"It's important to me to be able to express what I want to express." These words come from Dylan Cuthbert, "Game Designer/Programmer/Anything" at Q Games, as he explains how his team came up with the back story for The Tomorrow Children. The forthcoming title is -- by Cuthbert's own admission -- a little bit "out there;" a mix of Minecraft-esque collaborative building, social economics and a Soviet Union-themed post-apocalyptic dystopia. It's definitely a little on the fringe. Multiplayer shooters and herculean protagonists have their place, but, as Cutbert alludes to in his gambit above, it's probably not here. Indie doesn't mean small though, and The Tomorrow Children, I learn, is an example of how companies like Q Games can keep to their own script (or lack of), and still benefit from the considerable support afforded by a partnership with Sony.
Earlier, during a preview session for The Tomorrow Children, the game is described as a "Marxism simulator." The backstory? An experiment to unite all human consciousness went terribly wrong, destroying society. Over the following decades the few survivors try to rebuild humanity. Your role is to venture out into "the void" (the empty space left by the experiment,) and build a new world. Oh, there are also giant creatures to contend with that you kill and mine for materials. Y'know, all that usual stuff.
The off-beat storyline is accompanied by equally expressive artwork. Cuthbert tells me it's inspired by sources as diverse as (among other things) old Czech puppetry, and the 1960s British drama The Prisoner. The result is cinematic, in a vintage French art house kind of way. Cuthbert is keen to point out that a lot of these decisions weren't planned up front (as would be required by a AAA studio,) and that one of the main privileges of being independent is being able to, basically, do what you want.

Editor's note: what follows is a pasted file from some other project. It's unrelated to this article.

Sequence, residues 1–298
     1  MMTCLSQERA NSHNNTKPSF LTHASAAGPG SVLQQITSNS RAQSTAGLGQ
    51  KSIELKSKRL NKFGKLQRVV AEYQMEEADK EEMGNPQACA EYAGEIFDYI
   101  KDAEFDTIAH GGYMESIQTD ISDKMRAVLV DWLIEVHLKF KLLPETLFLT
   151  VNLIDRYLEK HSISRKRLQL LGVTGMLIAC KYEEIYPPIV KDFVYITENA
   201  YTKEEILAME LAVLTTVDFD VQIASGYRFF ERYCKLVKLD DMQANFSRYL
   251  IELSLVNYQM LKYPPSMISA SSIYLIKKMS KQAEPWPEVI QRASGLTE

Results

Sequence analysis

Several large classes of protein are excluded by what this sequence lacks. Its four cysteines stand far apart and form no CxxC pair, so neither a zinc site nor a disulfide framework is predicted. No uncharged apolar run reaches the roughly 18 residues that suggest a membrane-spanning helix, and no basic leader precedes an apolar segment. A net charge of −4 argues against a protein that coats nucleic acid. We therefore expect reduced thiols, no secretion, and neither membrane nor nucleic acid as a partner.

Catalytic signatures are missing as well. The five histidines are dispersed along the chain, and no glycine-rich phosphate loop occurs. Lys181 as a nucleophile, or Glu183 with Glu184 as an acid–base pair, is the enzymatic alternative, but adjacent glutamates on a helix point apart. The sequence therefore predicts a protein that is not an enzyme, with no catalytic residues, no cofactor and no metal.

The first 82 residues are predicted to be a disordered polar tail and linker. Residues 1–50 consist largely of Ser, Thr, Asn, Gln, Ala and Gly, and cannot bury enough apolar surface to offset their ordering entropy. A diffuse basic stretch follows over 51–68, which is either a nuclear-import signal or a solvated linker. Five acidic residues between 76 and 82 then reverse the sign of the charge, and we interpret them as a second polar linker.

But there's a paradox. The Tomorrow Children is an indie title in spirit, but Sony is financially involved with the project. So, how does this reconcile with Q Games' approach to game making? According to Cuthbert, it's not only not a problem, it's for the greater benefit of (his company's) indie games.
"I think it doesn't matter what size the game is [financially], as long as it's an expression of the creator... and it hasn't been meddled with... We just really enjoyed creating the technology [for the game], and obviously to create that technology we needed a bigger project to kinda buoy it up."
"From the start, Sony was positive, said start experimenting and they were hands off. They just let us do anything we wanted basically." And the result speaks for itself. How many other blockbuster titles have you opening Matryoshka dolls to collect DNA to rebuild your population? "In this game we've explored more 'different' ideas than we ever have before" says Cuthbert. Suggesting that despite dealing with suits doesn't have to mean compromises. So, perhaps money and indie spirit aren't so mutually exclusive after all?
The Tomorrow Children will be available in the coming months on PlayStation 4.
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